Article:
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Clark County Local Emergency Planning Committee
About the LEPC
Hazardous chemicals are everywhere in our community. They are under our kitchen sinks, in our cars, on our highways, and in our workplaces. Most of the time, we're protected from these chemicals because of comprehensive regulations and a commitment to safety by those whose job it is to manage dangerous chemicals. Still, chemical accidents happen all the time and when they happen they require a coordinated effort by the spillers, businesses, responders, hazmat teams, contractors, hospitals, and others who have a role to play in responding to an incident.
The Clark County Local Emergency Planning Committee (LEPC) is here to support preparedness for chemical emergencies and to facilitate communication and coordination among those who have a stake in hazardous materials response and recovery. The LEPC is involved in -
- The maintenance of the Clark County Hazardous Materials Response Plan
- Making information about chemical inventories available to the public
- Assessment of industrial and transportation-related chemical hazards
- Coordinating training and exercises
- Supporting public-private partnerships for preparedness
- Educating the public about chemical hazards and how they should prepare and respond
The LEPC is authorized by the Emergency Planning and Community Right-to-Know Act (EPCRA). In Washington State, every county is required to have an LEPC.
The Clark County LEPC meets monthly at the Northwest Regional Training Center at 2 PM. All meetings are open to the public. The schedule of meeting dates for 2014 is listed below:
Meeting dates and times are subject to change and may be cancelled for lack of agenda items. To confirm meeting dates, contact John Wheeler at 360-992-6271; email - firstname.lastname@example.org.
Protecting yourself from chemical incidents
Do you know what you'll do if you come upon a chemical spill or if there is a hazardous materials incident in your neighborhood or at your workplace?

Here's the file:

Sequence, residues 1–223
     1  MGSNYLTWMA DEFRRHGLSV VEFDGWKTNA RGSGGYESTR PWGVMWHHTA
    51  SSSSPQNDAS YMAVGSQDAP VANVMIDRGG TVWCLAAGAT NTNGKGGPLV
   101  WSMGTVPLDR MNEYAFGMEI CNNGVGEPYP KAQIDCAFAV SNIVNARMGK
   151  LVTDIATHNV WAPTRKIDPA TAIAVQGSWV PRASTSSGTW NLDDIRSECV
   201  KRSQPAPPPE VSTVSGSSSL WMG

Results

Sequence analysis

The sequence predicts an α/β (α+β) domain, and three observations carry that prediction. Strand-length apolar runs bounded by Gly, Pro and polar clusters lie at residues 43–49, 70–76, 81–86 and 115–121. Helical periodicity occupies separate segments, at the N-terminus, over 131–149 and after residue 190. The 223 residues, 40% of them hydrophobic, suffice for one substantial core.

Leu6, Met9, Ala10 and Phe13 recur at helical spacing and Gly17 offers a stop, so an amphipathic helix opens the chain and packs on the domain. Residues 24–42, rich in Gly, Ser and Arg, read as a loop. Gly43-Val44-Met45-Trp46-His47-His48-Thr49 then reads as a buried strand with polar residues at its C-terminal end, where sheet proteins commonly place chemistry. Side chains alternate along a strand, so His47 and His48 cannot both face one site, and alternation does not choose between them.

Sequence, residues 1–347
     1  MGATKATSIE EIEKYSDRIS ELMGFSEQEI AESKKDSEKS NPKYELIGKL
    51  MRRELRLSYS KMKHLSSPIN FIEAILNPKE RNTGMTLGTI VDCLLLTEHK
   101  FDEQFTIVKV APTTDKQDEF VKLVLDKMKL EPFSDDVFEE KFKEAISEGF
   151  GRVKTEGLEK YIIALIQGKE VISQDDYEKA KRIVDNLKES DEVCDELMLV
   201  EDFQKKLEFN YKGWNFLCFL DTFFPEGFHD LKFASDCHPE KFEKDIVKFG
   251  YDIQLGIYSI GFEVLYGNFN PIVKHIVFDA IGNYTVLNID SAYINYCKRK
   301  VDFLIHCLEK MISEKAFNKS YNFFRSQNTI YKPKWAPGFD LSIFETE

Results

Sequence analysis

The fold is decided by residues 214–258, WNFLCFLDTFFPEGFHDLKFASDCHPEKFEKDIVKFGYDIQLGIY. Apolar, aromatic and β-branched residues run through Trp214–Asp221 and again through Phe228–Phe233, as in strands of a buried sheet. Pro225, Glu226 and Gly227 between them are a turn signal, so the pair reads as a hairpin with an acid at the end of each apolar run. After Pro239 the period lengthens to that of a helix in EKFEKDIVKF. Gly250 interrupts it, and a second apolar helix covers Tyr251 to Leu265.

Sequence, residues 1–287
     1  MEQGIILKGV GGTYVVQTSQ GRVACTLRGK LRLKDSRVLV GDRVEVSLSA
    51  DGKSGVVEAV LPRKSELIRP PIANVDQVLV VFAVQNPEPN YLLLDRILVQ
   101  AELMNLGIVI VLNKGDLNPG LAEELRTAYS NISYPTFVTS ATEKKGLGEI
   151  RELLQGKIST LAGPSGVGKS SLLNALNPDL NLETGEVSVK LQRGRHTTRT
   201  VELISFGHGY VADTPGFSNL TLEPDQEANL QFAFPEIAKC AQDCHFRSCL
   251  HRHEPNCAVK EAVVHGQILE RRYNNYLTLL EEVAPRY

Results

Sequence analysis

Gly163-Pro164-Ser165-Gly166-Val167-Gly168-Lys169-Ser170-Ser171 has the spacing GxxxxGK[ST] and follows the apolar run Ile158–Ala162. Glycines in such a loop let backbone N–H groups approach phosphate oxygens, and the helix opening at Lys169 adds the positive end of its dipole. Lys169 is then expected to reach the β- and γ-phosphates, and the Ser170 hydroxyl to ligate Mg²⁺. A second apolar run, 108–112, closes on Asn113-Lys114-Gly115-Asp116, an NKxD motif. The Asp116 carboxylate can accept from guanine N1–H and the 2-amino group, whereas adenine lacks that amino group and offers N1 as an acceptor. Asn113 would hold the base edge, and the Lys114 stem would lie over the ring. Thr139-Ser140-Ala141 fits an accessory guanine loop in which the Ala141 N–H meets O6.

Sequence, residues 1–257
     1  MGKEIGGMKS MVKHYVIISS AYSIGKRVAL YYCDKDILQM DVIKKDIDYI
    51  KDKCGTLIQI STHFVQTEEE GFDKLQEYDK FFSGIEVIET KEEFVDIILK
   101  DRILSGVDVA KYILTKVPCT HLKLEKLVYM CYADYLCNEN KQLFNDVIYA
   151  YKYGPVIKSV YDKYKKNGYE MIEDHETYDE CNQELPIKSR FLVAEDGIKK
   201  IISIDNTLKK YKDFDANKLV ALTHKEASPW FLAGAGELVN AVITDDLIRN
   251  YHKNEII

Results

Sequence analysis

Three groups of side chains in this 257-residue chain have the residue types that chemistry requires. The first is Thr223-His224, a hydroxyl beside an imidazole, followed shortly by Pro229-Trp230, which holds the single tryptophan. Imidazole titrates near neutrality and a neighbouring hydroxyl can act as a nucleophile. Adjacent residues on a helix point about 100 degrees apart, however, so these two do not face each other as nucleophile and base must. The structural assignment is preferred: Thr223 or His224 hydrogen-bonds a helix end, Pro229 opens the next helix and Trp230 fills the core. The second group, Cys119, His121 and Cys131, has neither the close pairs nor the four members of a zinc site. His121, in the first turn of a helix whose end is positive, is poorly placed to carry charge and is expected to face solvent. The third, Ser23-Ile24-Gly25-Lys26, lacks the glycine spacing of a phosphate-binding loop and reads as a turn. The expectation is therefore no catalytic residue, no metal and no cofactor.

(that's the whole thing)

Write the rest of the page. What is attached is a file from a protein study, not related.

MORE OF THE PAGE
If you come across a suspicious container, package, or substance that may be hazardous, call 9-1-1 immediately.
If there is a chemical emergency near you, public safety officials may require evacuation. However, very often they may ask that you get indoors, close all doors and windows, and shut off the ventilation system. This protective action, called 'shelter-in-place', is usually the best way to protect yourself from hazardous vapors. For more information see Know What to do During Chemical Emergencies.
If you or your business is responsible for a spill it is very important that you take immediate steps to protect public health and safety and meet your legal obligations. If the spill presents a potential threat to life, health, and the environment, call 9-1-1 immediately. You also need to make certain required notifications. For more information, see How to Report a Spill.
Learn About Chemicals in Your Community
Do you know what businesses in your community use chemicals? Businesses that have chemicals are required to report their inventories each year to state and local officials. Those state and local officials are then required to make that information available to you upon request. You may contact CRESA to make a request for those records. That information is also available from the Washington State Department of Ecology. Check out their EPCRA homepage for more information.
For more information:
To contact the Clark County LEPC:
Contact CRESA at 360-737-1911 or
Fill out the inquiry form on the Contact Us Webpage